Safe and healthy water consumption
is a topic that is on the forefront of everyone's minds these days,
particularly as society becomes more health conscious. As individuals
aim to consume the daily recommended amount of water, it is important to
consider the pros and cons of consuming bottled water, along with those
of the alternatives.
Bottled Water Pros
- Bottled water is convenient for people to simply grab and go.
- Bottles can simply be disposed of rather than cleaned between uses.
Bottled Water Cons
- Plastic PET bottles typically used for water, can contain traces of chemicals, including estrogen.
- Plastic bottles produce excess waste.
- Bottled water stored in a retail location is heavily handled, and that increases the risk that bacteria might make its way to the mouth of the bottles.
- Bottled water does have an expiry date. The shelf life is typically one to two years. Consumers that fail to check the expiration dates and consume this water may experience health complications as a result.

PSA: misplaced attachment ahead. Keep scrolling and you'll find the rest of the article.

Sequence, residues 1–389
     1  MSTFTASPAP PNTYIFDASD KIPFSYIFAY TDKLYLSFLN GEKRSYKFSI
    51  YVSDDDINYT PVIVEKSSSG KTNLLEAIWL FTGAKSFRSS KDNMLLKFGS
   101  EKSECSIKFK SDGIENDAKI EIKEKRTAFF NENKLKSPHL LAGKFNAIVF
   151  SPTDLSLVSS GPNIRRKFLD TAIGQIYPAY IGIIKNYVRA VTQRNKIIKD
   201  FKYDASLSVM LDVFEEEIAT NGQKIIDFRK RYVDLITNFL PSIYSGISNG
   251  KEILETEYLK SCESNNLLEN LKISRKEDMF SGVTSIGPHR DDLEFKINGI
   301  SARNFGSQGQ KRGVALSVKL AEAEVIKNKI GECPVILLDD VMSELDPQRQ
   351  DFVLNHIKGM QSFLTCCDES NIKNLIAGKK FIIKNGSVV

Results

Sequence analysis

With the risks associated with the
use of bottled water, it is important to consider other options, like
water filtered at home using LifeSource Water Systems or other home options.
Pros of Home Filtration Systems
Water systems that filter that water of the whole home provide cleaner drinking water and other benefits that extend beyond simply the purification of the water that people drink.
- Chlorine and chemicals that enter through a house's water system are removed. This means that they are not consumed in the household's drinking water, or inadvertently when water from the faucet is used for cooking. Rarely do individuals use bottled water to cook in, or when water is needed in recipes.
- Filtered water can be put into any kind of reusable water container for transportation, which makes it far more environmentally friendly than the disposable alternative.
- Water from the tap always comes out fresh.
Cons of Home Water Filtration Systems
The only real con associated with use of a home water filtration system is the cost associated with the initial purchase. However, there are already costs associated with the frequent purchasing of bottled water, which means in the long run, costs may be lower anyway.